Character Guest Post : Scrapbooking with Grand
Greetings to all you fellow scrapbook enthusiast out there. I’m Emma Waters, but everyone calls me Grand. I like to think it’s a reflection on my personality, but it’s more likely that my family likes to humor an old broad.
I’m honored to have been asked to share some of my tips and tricks on creating scrapbooks that can turn heads or, in my case, spring someone from the slammer.
I started my scrapbook out of necessitiy. Those nincompoops, I mean distinguished law enforcement officers, who unjustifiably put my poor boy, Clark, behind bars have it all wrong. The PI for Dummies manual I consulted emphasized the need for evidence collection in convincing the local law to take me seriously. So began my journey scrapbooking. What better way to showcase the evidence of my Clark’s obvious innocence than between beautiful pages of gingham and paisley?
Scrapbooking for Beginners
Whoever said you can’t teach an old dog new tricks never met a mother on a mission. Prior to putting together my Clark’s Slammer Jammer, I had never dabbled in the arts. Our decorator always said I had a good eye, which I think has helped, but I was starting from scratch. Here are some tips that helped get me on the road to book beauty:
- Trash the plans – Both my granddaughter and daughter need to join planners anonymous. If I’d listened to them, I’d never gotten this book off the ground. Scrapbooking, like life, is full of transitions. Didn’t match your color pallet right from the start? No problem. Slap in a new transition section that mixes your new found color love and bam! You’re in business.
- Sections are your friend – We collected so much information to help free my Clark, it was almost overwhelming. Our first task was to sort it out into natural sections – Clark’s Character, Mafia Misdirection, Reprehensible Reporting, Alternative Assailants
- Keep Hammering – A scrapbook that tells a good story builds like a dance. A flashy opening and closing are must have’s, but the middle should be composed of solid steps that reinforce the overall theme. We use the middle pages of the book to remind the police that mafia has a reputation for using unsuspecting, upstanding people like my Clark.
- Know your audience – Those dense copers need everything spelled out for them. But we’re honored by the support we’ve received from the public as well who have come to Stand With Grand. The Slammer Jammer plays to both these audiences, making sure to spell out the details while always presenting in an eye catching, sympathetic way for our public
Tips for those scrapbooking on a budget
The incarceration of my son has led to a temporary shift in our available resources. I wasn’t about to let that keep me from producing a top quality evidence book. If you’re stretching your resources like I am, you might find the following helpful:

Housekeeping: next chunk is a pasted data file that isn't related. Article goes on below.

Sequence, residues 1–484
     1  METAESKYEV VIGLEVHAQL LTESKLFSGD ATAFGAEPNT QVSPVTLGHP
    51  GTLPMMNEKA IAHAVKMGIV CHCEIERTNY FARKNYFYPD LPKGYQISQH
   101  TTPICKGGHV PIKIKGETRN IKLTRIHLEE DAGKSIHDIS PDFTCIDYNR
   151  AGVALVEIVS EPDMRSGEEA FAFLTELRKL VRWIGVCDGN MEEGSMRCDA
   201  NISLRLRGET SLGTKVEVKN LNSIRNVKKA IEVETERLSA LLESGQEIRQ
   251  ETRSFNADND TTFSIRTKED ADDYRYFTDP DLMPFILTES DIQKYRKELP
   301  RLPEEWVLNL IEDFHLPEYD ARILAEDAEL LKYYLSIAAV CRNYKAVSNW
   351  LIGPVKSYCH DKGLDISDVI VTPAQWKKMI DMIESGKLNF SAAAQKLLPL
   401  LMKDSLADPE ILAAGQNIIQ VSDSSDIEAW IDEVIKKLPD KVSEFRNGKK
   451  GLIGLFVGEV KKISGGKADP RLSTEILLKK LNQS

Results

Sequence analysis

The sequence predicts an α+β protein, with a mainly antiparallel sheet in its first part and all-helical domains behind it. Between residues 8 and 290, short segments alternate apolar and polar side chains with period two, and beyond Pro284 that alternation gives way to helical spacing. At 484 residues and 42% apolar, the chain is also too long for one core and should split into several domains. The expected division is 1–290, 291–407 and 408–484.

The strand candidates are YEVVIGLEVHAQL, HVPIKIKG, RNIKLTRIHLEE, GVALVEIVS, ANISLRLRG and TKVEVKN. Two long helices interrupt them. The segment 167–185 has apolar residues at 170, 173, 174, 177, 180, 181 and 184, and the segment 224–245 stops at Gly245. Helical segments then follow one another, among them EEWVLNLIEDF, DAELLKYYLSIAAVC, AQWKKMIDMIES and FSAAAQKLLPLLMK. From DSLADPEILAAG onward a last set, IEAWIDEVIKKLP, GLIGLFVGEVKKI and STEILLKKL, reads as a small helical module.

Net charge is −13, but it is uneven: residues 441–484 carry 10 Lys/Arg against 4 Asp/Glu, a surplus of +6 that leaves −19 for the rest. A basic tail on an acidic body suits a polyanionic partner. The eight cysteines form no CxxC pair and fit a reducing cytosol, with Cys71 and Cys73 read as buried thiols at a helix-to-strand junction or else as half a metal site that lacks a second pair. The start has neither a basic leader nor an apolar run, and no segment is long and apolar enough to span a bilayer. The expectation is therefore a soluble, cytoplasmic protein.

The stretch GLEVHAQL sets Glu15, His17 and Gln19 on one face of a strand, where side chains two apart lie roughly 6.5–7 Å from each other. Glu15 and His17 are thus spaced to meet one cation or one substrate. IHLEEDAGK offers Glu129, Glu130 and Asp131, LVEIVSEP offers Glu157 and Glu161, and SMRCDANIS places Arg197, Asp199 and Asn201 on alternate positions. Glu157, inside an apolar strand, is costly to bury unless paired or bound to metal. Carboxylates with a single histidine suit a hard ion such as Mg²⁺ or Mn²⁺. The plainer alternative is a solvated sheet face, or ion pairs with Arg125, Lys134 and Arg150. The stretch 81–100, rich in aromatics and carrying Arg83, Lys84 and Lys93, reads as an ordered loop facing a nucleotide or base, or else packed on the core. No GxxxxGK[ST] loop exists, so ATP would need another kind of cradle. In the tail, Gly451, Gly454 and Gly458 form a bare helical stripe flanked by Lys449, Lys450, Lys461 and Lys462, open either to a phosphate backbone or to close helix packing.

- Hit up the local elementary school. I volunteer reading time at the Hopewell Christian Day school in exchange for all their “scraps” on art day. Those little buggers don’t know a goldmine when they see it
- Your kid outgrow their old clothes? Don’t send it to the Goodwill until you’ve popped off all the buttons, laces and trim. They make for excellent borders and accessories
- Samples! – One thing all us old ladies know is that in this world, if you don’t ask, you don’t get. Not only will some online sites send you free samples if you ask, some of the local stores donated whole kits to my Clark’s cause in exchange for showing off my book at their meetups.
- Kid’s party rooms are a treasure trove. Chuckie Cheese is happy for my help with party room cleanup in exchange for all the left over wrapping paper. Gift wrap makes for great backgrounds.
Whether you’re on a mission like me to free someone you love or celebrating a great occasion like my granddaughter’s pig Maybelle’s birthday, a scrapbook can be the perfect medium for preserving memories.
Scrap to it!
SHE WORE A DONNA KARAN MARKED FOR REPOSSESSION
Since Kat Waters’s father took a trip to the slammer on what she’s sure are trumped-up racketeering charges, life’s been tough. All their assets are frozen, and she’s down to the last few pairs of Jimmy Choos she can swap for rent. To keep her family out of the homeless shelter, the former socialite took a job at the local morgue—a job she’s about to lose when the body of a murder victim goes missing on her watch.
HE WORE A CAPTIVATING SMILE
While Kat’s processing the latest victim in the prostitute serial killings, ex-Special Forces soldier Burns McPhee strolls in with an air of confidence, expecting access to the Jane Doe. While Burns tries to flirt his way into examining the latest victim, whom he thinks is connected to the death of his best friend, someone else steals the body right out from under them.
THE CORPSE WORE STILETTOS
Dodging questions from the cops and kidnapping attempts from a body-snatching psycho, Kat and Burns forge a deal. He’ll clear her name and keep her safe if she gets him information on her peculiar coworkers, one of whom he’s certain is involved with the body heist. But digging up secrets can lead to a lower life expectancy. The unlikely team will need all their talents not to end up as the morgue’s next clients while they hunt for a murderer, the missing corpse, and a pair of diamond-studded stilettos.
As the owner of a boutique chocolate factory in Atlanta, loves to write lighthearted, romanticmysteries with a sweet twist. She has a degree in business communications from North Carolina State University. When she’s not spinning a sweet yarn or creating delicious confections, she spends time with her husband, their kids, a hyperactive cocker spaniel named Devo (after the band), a princess tabby cat named Twilight (before the book stole her name) and a collection of stray fish. The whole gang can be found tooling around the back roads of the South in their RV where MJ uses the downtime to hatch her next sweet plot.